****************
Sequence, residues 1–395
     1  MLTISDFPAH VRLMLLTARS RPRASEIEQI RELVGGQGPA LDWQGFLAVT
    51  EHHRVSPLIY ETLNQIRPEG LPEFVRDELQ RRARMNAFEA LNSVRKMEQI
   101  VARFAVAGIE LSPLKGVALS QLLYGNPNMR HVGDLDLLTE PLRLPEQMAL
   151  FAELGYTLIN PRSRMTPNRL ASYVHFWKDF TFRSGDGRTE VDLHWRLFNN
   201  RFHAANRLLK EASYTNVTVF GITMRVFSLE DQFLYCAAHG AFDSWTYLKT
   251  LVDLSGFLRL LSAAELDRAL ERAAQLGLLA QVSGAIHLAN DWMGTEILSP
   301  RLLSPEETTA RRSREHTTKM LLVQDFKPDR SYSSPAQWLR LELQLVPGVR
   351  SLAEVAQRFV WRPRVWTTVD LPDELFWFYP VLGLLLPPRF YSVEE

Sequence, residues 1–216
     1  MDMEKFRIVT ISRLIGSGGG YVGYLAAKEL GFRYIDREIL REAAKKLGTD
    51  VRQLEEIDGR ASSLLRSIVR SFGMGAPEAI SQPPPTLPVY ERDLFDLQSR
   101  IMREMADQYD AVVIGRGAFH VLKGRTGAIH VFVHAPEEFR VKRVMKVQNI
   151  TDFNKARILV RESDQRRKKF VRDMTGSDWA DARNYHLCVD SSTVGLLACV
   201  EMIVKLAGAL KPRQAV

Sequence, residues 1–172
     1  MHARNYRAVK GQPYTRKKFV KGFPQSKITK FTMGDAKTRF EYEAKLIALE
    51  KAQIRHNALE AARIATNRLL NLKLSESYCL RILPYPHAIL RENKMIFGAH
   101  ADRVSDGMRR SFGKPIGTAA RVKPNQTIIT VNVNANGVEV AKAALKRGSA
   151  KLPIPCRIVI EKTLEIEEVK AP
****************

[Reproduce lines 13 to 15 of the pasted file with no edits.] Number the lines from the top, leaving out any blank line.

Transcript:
   101  IMREMADQYD AVVIGRGAFH VLKGRTGAIH VFVHAPEEFR VKRVMKVQNI
   151  TDFNKARILV RESDQRRKKF VRDMTGSDWA DARNYHLCVD SSTVGLLACV
   201  EMIVKLAGAL KPRQAV